Answering the question, should Del Mar host another Breeders' Cup
November 14, 2017 3:00 AM
by Steve Davidowitz
In response to the high volume of upsets at the recent Breeders’ Cup, several readers of my Nov. 7 column asked me if Del Mar should host another BCup? Others asked if I believe there is anything wrong with the modern game?
Here are my answers to both questions:
Del Mar certainly is one of America’s most beautiful racetracks, located so elegantly close to the Pacific Ocean in a charming town down the coast from Los Angeles. But, the changes Del Mar made to its main dirt track and turf course a couple years ago, suggest if the BCup is to return to this track, management must review how both courses are currently set up and being groomed.
Among possible changes, there may be a need to adjust the banking on both turns on both tracks. This constructive thought is linked to the way so many good horses in good physical condition under-performed on both BCup days. Of equal import, there were hints of such performance declines during Del Mar’s 2017 summer race meet.
Interestingly, immediately after Breeders’ Cup weekend, Del Mar’s maintenance crew quickly made some adjustments with encouraging results, as several betting favorites did win. Yet, a pair of track biases also seemed to come into play.
On the main track, horses racing on or near the lead, proved to be much better bets than horses forced to come from deeper running positions. On the turf, stretch runners seemed to have a built-in edge. Should any reader want me to cite specific racing examples, please contact me directly through email (SteveDavidowitz@GamingToday.com).
As for the issues readers raised about the direction the modern game is heading – I have two inter-related responses.
One is aimed at horseplayers, who face way too many wagering choices on virtually every racing card in America. The other is linked to the way far too many tracks have opted for longer and longer racing seasons, which is having a detrimental impact on the ability of horses to complete full seasons.
As I see it, the extraordinary length of so many seasons at so many tracks, could turn out to be the single most important factor in the sudden loss of form by many horses at every class level. Early retirement also seems on the increase from samples I’ve examined.
While good trainers are more willing today to send whole stables from North to South and back again, others have been planning for the first time transcontinental trips to continue their lengthy seasons. Meanwhile, many of the same trainers have quietly reported negative incidents concerning the way some of their horses breathe differently, or fail to adapt smoothly to shifting weather issues and radically different track surfaces.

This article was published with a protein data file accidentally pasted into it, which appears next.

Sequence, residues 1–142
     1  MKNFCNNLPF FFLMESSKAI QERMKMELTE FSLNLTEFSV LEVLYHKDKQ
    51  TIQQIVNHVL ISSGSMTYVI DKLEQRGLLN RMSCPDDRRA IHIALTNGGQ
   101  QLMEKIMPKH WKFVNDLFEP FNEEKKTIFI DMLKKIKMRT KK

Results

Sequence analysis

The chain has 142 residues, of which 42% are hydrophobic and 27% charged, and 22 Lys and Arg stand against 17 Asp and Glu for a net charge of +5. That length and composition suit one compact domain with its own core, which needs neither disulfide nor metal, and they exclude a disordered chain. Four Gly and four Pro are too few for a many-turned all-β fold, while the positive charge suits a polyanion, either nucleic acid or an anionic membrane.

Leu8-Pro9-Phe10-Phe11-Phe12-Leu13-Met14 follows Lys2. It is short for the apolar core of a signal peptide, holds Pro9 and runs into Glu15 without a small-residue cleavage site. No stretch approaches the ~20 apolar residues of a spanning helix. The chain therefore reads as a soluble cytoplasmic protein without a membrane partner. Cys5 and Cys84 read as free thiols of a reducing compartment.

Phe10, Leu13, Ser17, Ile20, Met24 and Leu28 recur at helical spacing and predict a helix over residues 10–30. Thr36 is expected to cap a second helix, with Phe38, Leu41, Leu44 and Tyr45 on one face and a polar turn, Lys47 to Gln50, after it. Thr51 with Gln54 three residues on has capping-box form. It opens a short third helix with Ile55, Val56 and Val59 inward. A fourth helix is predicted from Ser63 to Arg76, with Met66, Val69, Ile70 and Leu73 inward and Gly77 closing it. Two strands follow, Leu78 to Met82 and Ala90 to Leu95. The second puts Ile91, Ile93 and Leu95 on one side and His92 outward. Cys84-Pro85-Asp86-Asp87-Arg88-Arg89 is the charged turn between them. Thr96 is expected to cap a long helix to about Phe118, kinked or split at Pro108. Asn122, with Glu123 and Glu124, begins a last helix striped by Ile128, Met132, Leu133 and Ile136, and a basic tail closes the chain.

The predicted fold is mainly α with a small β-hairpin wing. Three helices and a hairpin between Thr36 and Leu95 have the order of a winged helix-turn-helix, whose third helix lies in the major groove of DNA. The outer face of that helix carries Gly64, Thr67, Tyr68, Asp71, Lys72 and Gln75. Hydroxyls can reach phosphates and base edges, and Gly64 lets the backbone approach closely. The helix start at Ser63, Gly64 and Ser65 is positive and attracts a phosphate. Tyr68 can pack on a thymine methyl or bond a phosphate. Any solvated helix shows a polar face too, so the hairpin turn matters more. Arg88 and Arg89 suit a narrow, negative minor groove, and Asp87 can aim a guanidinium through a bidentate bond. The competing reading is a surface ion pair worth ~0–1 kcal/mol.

Of course, the increase in stakes opportunities and higher purses continue to compel so many owners and trainers to participate in longer seasons just to stay competitive. Yet, horseplayers have been feeling the impact of these longer seasons as “reliable form” continues to take some hits.
For just one example: today’s winning percentage for betting favorites has slipped a bit in recent years with no sign this slippage is going to be reversed anytime soon!
Going further, all of the above situations stemming from too much racing continue to make the art-science of handicapping more difficult. Equally troubling is so many racing officials seem blind to the negative impact their policies and overly complex wagering menus are having on potential new players.
This specifically relates to the emergence of a 10-cent Superfecta, plus three different 50-cent options offered several times each day – the Trifecta, Pick Three and Pick Four. Then of course we still have $1 Exactas on every race; plus several $2 Daily Doubles; the $2 Pick Six and traditional $2 Win, Place and Show betting.
Frankly, I must confess to sometimes having to go through a Pandora’s Box of decisions regarding which of so many wagering options will offer the most intelligent, balanced play. This even though I’ve enjoyed more than 40 successful years playing the game and wrote several books on how to deliver a profit through good handicapping and smart betting.
That said, the added complexities cited above unfortunately are leading newcomers to quickly abandon efforts to learn how to play this fascinating game. As such, racetrack execs are sure to face smaller crowds and eventual closings of some tracks currently running the year round.
On the positive side, so many betting choices can give a highly skilled player, a boatload of useful options to set up terrific wagering approaches. But again, racetrack executives do not seem to realize how the long seasons are hurting horses while so many complex wagering options are blocking new players from getting more involved. This is a great game, but racing executives from coast to coast need to wake up to realize what they are doing!